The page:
When you understand how public relations pushes work, you can properly evaluate whether a product is worth your money.
While the phrase “public relations” may have a negative connotation for some people, it’s not inherently bad, and PR cycles occur on social media a lot more frequently than you might think. But it is good to be able to spot one so that you can properly decide whether or not a product or angle is worth your buy-in.
What is a PR cycle?
Juliana Martins, CEO and founder of Eleven11 Media Relations, said that a PR cycle “is an actionable, strategic plan a publicist or PR agency will put together when launching a public marketing campaign.”
OK, so what’s a public marketing campaign? In short, it’s a public effort that occurs through forms of media. Based on a predetermined goal, such as increasing revenue or getting influencers to talk about a new product, a team of PR representatives will decide how to approach getting to that outcome. A PR push is purposeful and not organic, although it may be designed to appear that way.
Kyle Ankney, head of PR at Red Heifer Media, noted that “PR cycles [can also] come after a misstep by a brand or a public figure,” but those types of marketing strategies aren’t the only ones that exist. Many social media PR cycles occur to sell a product or get people talking about a brand.
Chan Desai, an account strategist and manager at Otter PR, is clear about the role social media platforms play in shopping habits: “TikTok is home to countless public relations cycles with its lightning-fast ability for virality,” she said. “As publicists, we’re always looking for the hot new thing; if it’s trending on TikTok, naturally, it will weave into PR cycles for that week.”
How do PR cycles work on social media?
After identifying what a brand, organization, influencer or public figure wants out of a PR cycle, the next step is research.
“A publicist will go into deep research of understanding the target audience of the campaign and what they respond best to,” Martins said. “After the campaign launches and if it’s successful, you’ll see an influx of engagement for a few days or weeks.”
You might see this in the form of appeals to particular demographics, with millennials and Gen Z being some of the most easily identifiable on social media. According to Isabel Ludick, PR and marketing director at, “a social media-based PR cycle listens carefully, provides effective and clear communication, and broadcasts good feedback about the brand, products, or services as a means to generate more customers and followers.”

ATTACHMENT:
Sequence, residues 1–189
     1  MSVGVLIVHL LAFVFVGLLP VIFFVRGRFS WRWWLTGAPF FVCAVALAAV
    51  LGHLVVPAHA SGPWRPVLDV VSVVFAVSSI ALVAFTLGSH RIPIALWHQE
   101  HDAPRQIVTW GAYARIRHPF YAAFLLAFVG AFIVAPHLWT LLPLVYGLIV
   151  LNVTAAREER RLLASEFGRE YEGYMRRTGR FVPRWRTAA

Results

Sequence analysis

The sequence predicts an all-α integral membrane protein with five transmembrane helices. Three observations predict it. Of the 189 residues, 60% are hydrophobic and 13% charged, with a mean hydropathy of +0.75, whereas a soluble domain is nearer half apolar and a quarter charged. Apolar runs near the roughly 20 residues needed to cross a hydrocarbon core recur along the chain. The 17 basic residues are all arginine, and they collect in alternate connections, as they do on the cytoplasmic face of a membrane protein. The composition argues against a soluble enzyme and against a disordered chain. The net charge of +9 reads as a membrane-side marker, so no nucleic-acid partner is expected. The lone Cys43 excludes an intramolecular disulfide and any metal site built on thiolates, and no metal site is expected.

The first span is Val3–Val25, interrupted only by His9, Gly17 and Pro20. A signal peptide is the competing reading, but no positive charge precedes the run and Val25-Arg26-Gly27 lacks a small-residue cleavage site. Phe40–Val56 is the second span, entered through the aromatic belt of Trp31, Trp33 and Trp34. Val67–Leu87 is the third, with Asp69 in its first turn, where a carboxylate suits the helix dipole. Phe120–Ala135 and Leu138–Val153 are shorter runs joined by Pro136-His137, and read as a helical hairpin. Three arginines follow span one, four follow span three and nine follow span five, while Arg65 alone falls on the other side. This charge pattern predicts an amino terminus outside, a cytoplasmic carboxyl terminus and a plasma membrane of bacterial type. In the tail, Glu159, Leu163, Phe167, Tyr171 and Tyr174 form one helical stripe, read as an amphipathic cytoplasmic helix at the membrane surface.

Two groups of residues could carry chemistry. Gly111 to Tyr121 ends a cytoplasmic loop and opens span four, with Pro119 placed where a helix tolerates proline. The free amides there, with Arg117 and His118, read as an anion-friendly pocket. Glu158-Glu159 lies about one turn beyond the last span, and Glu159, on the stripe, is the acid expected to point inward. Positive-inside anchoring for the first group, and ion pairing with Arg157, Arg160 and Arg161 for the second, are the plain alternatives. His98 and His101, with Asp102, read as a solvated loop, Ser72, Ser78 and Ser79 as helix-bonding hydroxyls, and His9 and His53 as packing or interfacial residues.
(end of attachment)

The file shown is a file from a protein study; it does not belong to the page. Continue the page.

Martins pointed to a 2021 example of a self-tanning brand called Isle of Paradise. The company employed five influencers to create content like tutorials and popular “get ready with me” (GRWM) videos on TikTok that showed them using Isle of Paradise tanning drops, and then boosted that content. Afterward, its revenue reportedly increased by 68% per week.
But the internet is faceted, and a brand’s audience may be separate from the average consumer. Isle of Paradise shoppers may be on a different side of TikTok than, say, shoppers who buy from Pleasing, the unisex beauty line by beloved singer, fashion icon and general young person hot topic Harry Styles. As a result, their PR campaigns may need to utilize similar but contrasting tools and may look entirely different to consumers.
Case in point: One of Pleasing’s most popular TikTok videos has a whopping 4.8 million views. It essentially does nothing to sell the products to users beyond showcasing them at odd angles, instead leaning on obscure viral clips, a Shrek meme, hashtags (#edit, #buythis, #lol, #emotional) and a sound clip that’s not even of Harry Styles. The audio now has over 100 videos of Styles fans reacting to the video.
To someone who isn’t in on the joke (i.e., the weird internet humor adored and used by Gen Z), this video makes absolutely no sense, yet it has more than 992,000 likes with top comments like “IM CRYINH” and “okay i guess i’ll go buy more stuff.”
Both brands have studied their audiences and know them well, producing content that sells ― even if it’s not outwardly advertising the product as something you should buy.
If PR is behind everything, how can I make an informed shopping decision?
Not everything you see from a brand on social media is a PR push — sometimes it’s just ongoing social media marketing — but it’s likely that posts made on a company’s TikTok or Instagram have been carefully curated. And when influencers are recommending or using products, that is very likely part of a PR cycle.